Follow manufacturer directions closely when applying any finish to the wood.
Caulk Around Edges and Let Dry
Run a smooth bead of bathroom/kitchen caulk around the edges of the backsplash. This seals and prevents moisture and debris from getting behind it.
Make sure the finish and caulk have fully cured before using the backsplash. Allow several days for caulk and finishes to dry completely.
With careful planning, preparation, and attention to detail, you can install an attractive, rustic wood backsplash in your home kitchen or bathroom. Take it slow and don’t be afraid to ask for help lifting and nailing up the wood pieces.
FAQs About Installing Wood Backsplash
What thickness of wood should I use?
1/4 inch thick boards are common, though thinner 1/8 inch boards will work too. Thicker wood is heavier and more difficult to nail up.
What finish is best for water-resistance?
Marine spar urethane or an outdoor-rated polyurethane sealant are best for water resistance. Apply at least 2-3 coats.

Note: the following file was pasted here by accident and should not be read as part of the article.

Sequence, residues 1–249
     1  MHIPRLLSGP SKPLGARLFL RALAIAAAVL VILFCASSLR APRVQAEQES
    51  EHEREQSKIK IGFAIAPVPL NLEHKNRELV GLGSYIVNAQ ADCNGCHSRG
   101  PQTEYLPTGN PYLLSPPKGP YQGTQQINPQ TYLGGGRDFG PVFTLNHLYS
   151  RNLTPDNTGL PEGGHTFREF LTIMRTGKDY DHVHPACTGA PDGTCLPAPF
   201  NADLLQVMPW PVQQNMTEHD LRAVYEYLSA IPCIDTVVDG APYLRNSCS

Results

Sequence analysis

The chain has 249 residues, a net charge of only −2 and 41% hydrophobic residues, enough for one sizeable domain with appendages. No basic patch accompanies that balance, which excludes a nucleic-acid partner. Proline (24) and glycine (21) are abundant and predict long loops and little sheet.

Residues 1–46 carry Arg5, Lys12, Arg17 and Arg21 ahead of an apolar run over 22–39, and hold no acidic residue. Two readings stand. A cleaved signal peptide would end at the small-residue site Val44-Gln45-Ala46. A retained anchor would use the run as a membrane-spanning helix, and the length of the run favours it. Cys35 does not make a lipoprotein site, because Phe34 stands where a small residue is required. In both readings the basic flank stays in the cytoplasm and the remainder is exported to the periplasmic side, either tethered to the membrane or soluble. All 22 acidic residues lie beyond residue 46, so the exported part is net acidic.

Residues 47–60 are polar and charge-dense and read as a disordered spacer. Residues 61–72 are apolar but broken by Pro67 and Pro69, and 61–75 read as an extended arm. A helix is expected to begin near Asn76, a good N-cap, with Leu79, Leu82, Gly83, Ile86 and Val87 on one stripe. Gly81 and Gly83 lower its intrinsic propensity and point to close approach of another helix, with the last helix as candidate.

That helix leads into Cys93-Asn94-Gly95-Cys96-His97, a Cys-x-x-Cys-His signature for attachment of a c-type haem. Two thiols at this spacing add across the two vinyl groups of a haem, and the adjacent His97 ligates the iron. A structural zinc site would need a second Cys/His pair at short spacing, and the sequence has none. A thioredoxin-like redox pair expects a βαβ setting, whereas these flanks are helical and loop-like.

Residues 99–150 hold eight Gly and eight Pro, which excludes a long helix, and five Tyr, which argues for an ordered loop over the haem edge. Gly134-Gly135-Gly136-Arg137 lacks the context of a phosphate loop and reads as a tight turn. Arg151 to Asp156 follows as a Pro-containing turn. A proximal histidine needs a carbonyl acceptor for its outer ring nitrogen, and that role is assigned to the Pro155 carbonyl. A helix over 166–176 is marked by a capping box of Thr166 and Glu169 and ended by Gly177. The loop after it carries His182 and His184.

Should wood backsplash go all the way to wall edges?
Yes, wood planks typically cover the entire backsplash surface for a seamless look. Leave 1/8 inch from wall edges for caulk.
How do I cut a hole in wood for an electrical outlet?
Clamp a guide in place, then use a plunge router with a straight bit to cut the hole. Smooth edges carefully with sandpaper.
Can I use adhesive alone without nails or screws?
Adhesive alone is generally not strong enough. Use both construction adhesive and nails for a secure bond.
How do I attach wood around a window?
Use small molding strips to frame around the window neatly. Miter cut molding edges at 45 degree angles.
Installing a real wood backsplash brings natural warmth and style to any room. With some simple tools, patience, and attention to detail, you can achieve a professional-looking wood backsplash installation. Carefully measure the space, cut planks to fit, and adhere and nail the wood securely. Finish and caulk around all edges for a polished look. Your new wood backsplash will be a unique focal point you’ll enjoy for years to come.